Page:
The touchpad is disappointing in that it seems like there would have been room for a larger version. It was reliable in supporting Windows 11’s multitouch gestures and its click was confident and quiet, but HP could have squeezed in a considerably larger touchpad. The OLED display comes with multitouch support, and that was welcome.
Finally, the Envy 16 supports all the connectivity that most people need. I would have preferred to see a full-size SD card reader rather than microSD, and some people would benefit from an Ethernet port. But even so, connectivity is a strength, thanks to Wi-Fi 6E and Bluetooth 5.2 support.
The small touches
It might seem wrong to call battery life an “incidental” aspect, but a machine meant to churn through demanding creative and productivity workflows is likely to be plugged in most of the time. And no fast performer will last long on a charge when the CPU and GPU are fully engaged.
Even so, the Envy 16 did reasonably well in our battery tests. Its 83 watt-hour battery, which isn’t a lot for this class of machine, managed to keep it running for almost 8.5 hours on our web-browsing test and nearly 13 hours in our video test.
It fell behind in the PCMark 10 Applications battery test at just 7.5 hours, but these are decent numbers for a fast laptop with a high-res OLED display.
You won’t find many 16-inch class laptops that last much longer, although the Dell XPS 15 was stronger and the MacBook Pro 16 was in another universe entirely. But if you’re doing less demanding work, you might get most of a day out of the Envy 16.
PCMark 10 Applications
HP Envy 16 (Core i9-12900H)
8 hours, 24 minutes
12 hours, 45 minutes
7 hours, 38 minutes
Asus ZenBook Pro 16X (Core i7-12700H)
4 hours, 54 minutes
7 hours, 58 minutes
5 hours, 28 minutes
MSI Creator Z16P (Core i9-12900H)
4 hours, 42 minutes
5 hours, 24 minutes
5 hours, 37 minutes
Dell XPS 15 9520 (Core i7-12700H)
9 hours, 38 minutes
12 hours, 40 minutes
11 hours, 14 minutes
MSI Creator Z17 (Core i7-12700H)
4 hours, 23 minutes
4 hours, 32 minutes
Apple MacBook Pro 16 (Apple M1 Pro)
18 hours, 35 minutes
23 hours, 11 minutes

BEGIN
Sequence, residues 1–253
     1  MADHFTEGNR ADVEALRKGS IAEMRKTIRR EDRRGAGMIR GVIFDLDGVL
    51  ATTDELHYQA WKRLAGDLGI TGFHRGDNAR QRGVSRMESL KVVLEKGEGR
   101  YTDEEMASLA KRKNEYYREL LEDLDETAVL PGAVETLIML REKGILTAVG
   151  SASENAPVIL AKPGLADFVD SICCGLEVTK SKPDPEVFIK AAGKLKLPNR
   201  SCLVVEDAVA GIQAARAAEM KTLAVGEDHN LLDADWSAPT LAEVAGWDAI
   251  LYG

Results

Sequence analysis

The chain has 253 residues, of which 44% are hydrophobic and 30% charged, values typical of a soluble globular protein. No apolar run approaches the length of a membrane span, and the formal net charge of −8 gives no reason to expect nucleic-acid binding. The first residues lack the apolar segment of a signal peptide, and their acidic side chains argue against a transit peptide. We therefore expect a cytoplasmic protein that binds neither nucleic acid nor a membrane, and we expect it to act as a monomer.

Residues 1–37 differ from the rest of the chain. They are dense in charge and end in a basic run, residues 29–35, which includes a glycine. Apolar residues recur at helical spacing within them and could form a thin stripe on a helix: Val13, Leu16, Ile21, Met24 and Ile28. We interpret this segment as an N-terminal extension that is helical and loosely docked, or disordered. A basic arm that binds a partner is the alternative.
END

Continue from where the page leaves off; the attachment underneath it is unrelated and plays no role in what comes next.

With such a large, high-res display, you’d expect the Envy 16 to be an excellent machine for videoconferencing. And you’d be right, thanks to the 5MP webcam with Auto Frame capabilities. The image quality was excellent during my testing.
There’s also an infrared camera for Windows 11 Hello passwordless login support and a physical webcam shutter for privacy controlled by a function key. HP omitted any user presence detection functionality that’s been showing up on more exact laptops, so there are no automatic sleep and wake capabilities.
A solid addition to the 16-inch class
We liked the performance and build quality of the Envy 15, and the Envy 16 improves on both. While it’s certainly a premium laptop, it’s less expensive than competitors like the MSI Creator Z16P and MacBook Pro 16 and faster than similarly priced laptops like the Dell XPS 15.
If you’re looking for a powerful creative workstation that won’t break the bank, then the Envy 16 is a solid option.
Upon opening the box you definitely get the feeling that this is more Timex than Rolex: It’s a mass-market device aimed at everyday consumers who don’t necessarily need (or even want) a premium laptop. It’s quite plasticy with a bit of flex to it. It sounds hollow when you tap it. The bezel (the border that frames the display itself) is pretty big compared with higher-end laptops. It’s covered in stickers.
All of the above are signs of a laptop that was designed to hit a low price. But you know what? When you’re actually using the laptop, it isn’t half bad.
In terms of specs, it has an Intel Core i3 processor, 8GB of memory, and 256GB of solid-state storage. On paper, you’d be forgiven for thinking the laptop would be somewhat underwhelming.